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This 19th century Viennese enamel and silver gilt snuff box pictured above, depicting the figure of Napoleon Bonaparte (1769-1821), was made by the celebrated Austrian goldsmith and jeweller Hermann Böhm (1866-1922).

Possibly commissioned by a client who admired the French leader, the 3in (8cm) wide box opens to reveal a purple interior with a crown on a cushion and an eagle, and a capital N to base. The box is estimated at £300-500 in the Bishop & Miller sale in Stowmarket, Suffolk, on February 24.

bishopandmillerauctions.co.uk or see this item on thesaleroom.com

Cover designs for Punch, the British weekly magazine of humour and satire, have been consigned to Catherine Southon’s sale in Surrey on March 7.

The 14-lot group features 17 designs from the archive of the artist who created them, Francis Wilford-Smith (1927-2009), who went by the pseudonym Smilby.

Published between 1957-66, they include a 20 x 15in (52 x 38cm) original watercolour artwork of a suit of cards for the magazine’s November 19, 1958, issue. It is estimated at £50-70.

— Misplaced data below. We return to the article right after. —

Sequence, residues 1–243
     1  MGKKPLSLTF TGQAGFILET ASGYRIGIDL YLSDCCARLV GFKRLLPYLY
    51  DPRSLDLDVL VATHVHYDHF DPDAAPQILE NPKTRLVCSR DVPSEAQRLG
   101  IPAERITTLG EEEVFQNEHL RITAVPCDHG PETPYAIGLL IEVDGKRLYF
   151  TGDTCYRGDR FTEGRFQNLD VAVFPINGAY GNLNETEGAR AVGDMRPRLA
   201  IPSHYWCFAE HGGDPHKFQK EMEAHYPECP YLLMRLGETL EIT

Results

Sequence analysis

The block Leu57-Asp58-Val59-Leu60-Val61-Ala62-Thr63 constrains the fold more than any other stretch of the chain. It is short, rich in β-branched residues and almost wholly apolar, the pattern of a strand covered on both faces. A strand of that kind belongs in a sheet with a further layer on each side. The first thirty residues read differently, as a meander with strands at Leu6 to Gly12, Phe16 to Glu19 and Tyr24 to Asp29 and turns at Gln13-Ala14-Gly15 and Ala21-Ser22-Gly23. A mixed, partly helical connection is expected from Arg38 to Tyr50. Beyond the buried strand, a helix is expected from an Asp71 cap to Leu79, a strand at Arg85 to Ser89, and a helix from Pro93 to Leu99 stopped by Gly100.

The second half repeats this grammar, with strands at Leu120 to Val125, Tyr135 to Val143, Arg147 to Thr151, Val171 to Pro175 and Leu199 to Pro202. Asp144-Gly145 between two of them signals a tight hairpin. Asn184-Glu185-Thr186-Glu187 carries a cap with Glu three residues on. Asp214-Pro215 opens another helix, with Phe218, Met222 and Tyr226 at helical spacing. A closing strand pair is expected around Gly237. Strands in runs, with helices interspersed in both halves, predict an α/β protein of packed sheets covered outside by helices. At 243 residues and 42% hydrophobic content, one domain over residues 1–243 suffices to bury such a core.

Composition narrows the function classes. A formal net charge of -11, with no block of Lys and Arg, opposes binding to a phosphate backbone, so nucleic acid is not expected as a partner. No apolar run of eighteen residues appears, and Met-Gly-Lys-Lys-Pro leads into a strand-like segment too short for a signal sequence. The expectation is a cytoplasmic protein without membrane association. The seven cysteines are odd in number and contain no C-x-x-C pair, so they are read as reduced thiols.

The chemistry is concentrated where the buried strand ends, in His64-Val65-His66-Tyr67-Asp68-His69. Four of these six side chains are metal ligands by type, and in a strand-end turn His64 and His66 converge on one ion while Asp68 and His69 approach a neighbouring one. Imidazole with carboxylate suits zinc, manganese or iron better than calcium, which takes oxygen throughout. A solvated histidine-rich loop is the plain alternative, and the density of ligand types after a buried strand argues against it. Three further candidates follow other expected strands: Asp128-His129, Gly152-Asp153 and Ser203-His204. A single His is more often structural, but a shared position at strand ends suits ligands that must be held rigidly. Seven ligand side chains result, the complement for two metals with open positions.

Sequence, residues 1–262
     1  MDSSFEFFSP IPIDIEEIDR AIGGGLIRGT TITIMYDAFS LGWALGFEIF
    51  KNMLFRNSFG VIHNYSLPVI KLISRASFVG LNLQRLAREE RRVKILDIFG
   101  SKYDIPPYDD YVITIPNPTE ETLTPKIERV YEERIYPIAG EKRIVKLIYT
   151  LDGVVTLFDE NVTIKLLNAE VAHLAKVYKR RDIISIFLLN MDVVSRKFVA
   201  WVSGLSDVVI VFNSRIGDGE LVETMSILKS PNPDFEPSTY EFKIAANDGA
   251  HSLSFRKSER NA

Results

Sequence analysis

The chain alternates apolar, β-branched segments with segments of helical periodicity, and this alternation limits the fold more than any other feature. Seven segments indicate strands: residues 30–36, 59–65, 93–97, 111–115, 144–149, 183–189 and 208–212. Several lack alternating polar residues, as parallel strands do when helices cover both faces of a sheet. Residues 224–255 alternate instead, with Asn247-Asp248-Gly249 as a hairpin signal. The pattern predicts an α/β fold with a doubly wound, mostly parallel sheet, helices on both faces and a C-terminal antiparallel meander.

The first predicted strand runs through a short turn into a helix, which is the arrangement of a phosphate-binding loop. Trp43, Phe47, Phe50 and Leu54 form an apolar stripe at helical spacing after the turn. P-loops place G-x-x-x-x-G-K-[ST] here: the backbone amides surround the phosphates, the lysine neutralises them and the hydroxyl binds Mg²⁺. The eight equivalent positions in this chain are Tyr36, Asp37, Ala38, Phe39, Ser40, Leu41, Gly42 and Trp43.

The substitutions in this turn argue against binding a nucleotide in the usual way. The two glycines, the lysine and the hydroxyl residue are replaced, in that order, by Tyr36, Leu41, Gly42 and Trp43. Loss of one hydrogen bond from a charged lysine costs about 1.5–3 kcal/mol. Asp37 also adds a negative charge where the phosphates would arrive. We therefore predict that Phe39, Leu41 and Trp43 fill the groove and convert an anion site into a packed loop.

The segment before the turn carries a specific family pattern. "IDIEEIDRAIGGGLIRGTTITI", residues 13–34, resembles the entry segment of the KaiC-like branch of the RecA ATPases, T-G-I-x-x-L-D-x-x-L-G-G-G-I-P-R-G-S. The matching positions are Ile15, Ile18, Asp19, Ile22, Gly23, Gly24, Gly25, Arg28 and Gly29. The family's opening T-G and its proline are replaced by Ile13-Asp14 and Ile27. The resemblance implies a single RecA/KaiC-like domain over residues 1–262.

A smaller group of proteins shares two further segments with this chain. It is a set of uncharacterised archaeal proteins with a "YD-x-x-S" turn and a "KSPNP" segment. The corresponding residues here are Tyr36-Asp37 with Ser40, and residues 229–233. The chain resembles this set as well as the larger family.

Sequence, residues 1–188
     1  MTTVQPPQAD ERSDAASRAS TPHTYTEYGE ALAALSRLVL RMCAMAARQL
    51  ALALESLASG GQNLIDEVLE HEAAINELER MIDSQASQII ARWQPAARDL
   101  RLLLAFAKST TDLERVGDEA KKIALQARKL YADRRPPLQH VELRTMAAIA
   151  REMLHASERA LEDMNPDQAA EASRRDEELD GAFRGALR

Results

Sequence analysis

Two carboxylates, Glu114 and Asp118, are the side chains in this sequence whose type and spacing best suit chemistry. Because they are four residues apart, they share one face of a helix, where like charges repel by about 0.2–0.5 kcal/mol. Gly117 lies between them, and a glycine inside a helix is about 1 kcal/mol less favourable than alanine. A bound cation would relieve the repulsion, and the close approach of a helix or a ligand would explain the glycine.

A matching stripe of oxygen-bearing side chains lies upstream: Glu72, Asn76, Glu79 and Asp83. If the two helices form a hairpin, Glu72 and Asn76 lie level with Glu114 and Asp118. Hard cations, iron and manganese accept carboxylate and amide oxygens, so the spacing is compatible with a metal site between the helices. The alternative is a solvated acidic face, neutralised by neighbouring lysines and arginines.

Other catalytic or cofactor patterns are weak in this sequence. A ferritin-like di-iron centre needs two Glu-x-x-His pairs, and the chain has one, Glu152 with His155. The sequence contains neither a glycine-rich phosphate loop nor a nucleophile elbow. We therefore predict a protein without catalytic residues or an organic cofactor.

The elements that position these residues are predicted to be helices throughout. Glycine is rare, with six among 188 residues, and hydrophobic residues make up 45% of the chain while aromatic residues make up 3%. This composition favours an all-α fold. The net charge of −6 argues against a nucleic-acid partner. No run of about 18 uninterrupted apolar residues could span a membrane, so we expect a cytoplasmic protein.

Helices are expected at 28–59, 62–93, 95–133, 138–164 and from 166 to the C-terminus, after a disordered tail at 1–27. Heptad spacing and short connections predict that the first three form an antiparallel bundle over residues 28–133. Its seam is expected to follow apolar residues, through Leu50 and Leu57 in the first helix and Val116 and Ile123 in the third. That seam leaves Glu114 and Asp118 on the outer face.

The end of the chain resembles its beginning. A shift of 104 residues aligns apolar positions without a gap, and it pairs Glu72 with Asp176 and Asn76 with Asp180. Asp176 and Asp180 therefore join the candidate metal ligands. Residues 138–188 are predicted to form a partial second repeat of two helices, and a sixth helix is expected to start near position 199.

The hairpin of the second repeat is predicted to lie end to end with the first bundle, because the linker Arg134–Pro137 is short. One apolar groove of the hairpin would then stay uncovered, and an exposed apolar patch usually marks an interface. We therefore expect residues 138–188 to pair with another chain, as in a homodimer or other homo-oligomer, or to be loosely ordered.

Punch, which was established in 1841, was closed in 1992. The British Museum bought much of the Punch archive in 2004.


Meccano Motor Car Constructor sets, such as the one shown above, were introduced in 1932, designed with both keen model-builders and motor car enthusiasts in mind.

Driven by clockwork motors, the sets consisted mostly of custom parts that allowed model-makers to construct a range of car variations.

This example is a 1930s Outfit No 2 – originally larger and more expensive than Outfit No 1 car constructors. Retaining its original Dunlop rubber tyres and box, it is estimated at £300-500 in the February 16 David Duggleby auction in Scarborough, North Yorkshire.


Included in Cotswolds auction house Moore Allen & Innocent’s February 23 sale is a trunk belonging to a British naval captain who apparently met his end at the point of a Maltese sailor’s knife.

Belfast-born Thomas Greaves joined the Royal Navy at the age of 14 in 1816, rising through the ranks until, in 1853, he was appointed superintendent of the ports at Malta.

In 1856, he is said to have ordered a boat belonging to a Maltese sailor called Giuseppe Meli to be hauled up out of the water as punishment for overcharging a passenger. As the planks of the boat dried, it rendered the vessel unseaworthy.

With Meli’s livelihood ruined, he sought revenge, stabbing Greaves in the stomach.

The oak iron-bound trunk by naval outfitters E&W Seagrove bears a brass plaque to the lid engraved Cpt Greaves RN.

Estimate £100-150.